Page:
Bu that's to be expected, being overrun with the plughole-mulch of previous generations' cultural touchstones isn't something specific to just this City. All 'Indie' is now part of the establishment. Bands and fans alike flount their Indie credentials in hopes of bolstering their own (they hope) embryonic legend, or at least clamouring for the adoration of their peers. Just look at the deification of professional Indie Kids like Josie Long, braying on and on about (smog). Listen to interminably twee, name-dropathons Allo Darlin' or The Lovely Eggs. What was once 'The Alternative' was born out of a reaction to the machinations of big business and popular culture, now it's been bodysnatched by its supposedly enlightened offspring, driven by similar motivations, employing the same psychological tactics, but adorned instead with a hodge podge of what were once 'Indie' signifiers. We all do it. It's why you want people to see you're wearing that T-Shirt.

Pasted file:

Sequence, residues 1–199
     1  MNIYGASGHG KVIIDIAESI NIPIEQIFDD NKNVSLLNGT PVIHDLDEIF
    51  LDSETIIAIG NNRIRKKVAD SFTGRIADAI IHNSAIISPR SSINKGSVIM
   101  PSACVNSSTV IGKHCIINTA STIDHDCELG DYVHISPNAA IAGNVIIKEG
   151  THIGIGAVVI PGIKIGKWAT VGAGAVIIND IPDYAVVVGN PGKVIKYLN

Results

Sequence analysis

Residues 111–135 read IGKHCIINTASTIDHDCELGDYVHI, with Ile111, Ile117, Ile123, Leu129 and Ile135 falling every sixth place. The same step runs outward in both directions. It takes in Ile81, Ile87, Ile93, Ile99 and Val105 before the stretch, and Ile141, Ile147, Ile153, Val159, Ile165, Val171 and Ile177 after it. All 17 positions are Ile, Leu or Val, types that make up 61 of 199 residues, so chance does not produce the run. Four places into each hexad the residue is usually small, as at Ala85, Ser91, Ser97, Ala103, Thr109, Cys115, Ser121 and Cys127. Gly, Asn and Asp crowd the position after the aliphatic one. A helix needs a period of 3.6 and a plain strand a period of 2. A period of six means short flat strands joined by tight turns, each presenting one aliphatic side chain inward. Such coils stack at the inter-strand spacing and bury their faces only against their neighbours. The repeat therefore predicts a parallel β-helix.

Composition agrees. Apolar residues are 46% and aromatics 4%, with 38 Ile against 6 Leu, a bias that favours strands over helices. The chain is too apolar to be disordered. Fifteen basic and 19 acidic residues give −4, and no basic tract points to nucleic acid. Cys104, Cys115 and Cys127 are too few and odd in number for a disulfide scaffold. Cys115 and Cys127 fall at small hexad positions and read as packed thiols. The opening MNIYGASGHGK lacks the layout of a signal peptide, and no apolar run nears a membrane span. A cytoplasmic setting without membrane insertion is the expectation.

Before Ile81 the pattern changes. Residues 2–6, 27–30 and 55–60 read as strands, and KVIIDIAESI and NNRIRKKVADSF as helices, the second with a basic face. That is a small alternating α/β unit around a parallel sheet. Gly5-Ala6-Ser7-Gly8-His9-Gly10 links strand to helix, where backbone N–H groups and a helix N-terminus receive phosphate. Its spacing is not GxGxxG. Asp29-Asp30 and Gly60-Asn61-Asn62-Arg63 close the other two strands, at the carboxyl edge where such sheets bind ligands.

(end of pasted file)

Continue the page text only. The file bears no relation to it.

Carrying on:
Don't kid yourself - every little label listed in the above comments would kill to get their 'talent' on 6Music and have them start shifting units like ruby-menstruating poontang. In fact, it's hard to argue that anyone who starts a band is NOT driven by success and recognition. If you love making music so much, why not just do it in your own bedroom? Only now it isn't just the artists, but also the promoters and label-heads embroiled in a scenewide circle jerk. But this is born out of indelible meories of what it is to be a fan. To want to consume, and in turn be consumed by something you've fallen utterly in love with. It’s the memory of that feeling, and the desire to perpetuate or repeat it that is the catalyst for people creating their own scenes, but ultimately the root of this problem we have with inauthenticity. The love of 'art' becomes corrupted into wanting to emulate its immortality. Sways at least seem to be bucking some trends, and operating on the periphery of the status quo. We do have something of a plimsolls and knitwear epidemic here in Manchester. Not that I'm necessarily saying Sways are wholly different than any of the examples I've previously given, I mean, just watch that Money video. Fuck, just read this article. True, Clockwork Orange, David Lynch, The Smiths, Cocteau Twins & Talk Talk are hardly esoteric influences anymore - but for a generation just coming into their own, populated by what seems to amount to little more than bipedal Tumblr accounts - they most certainly are.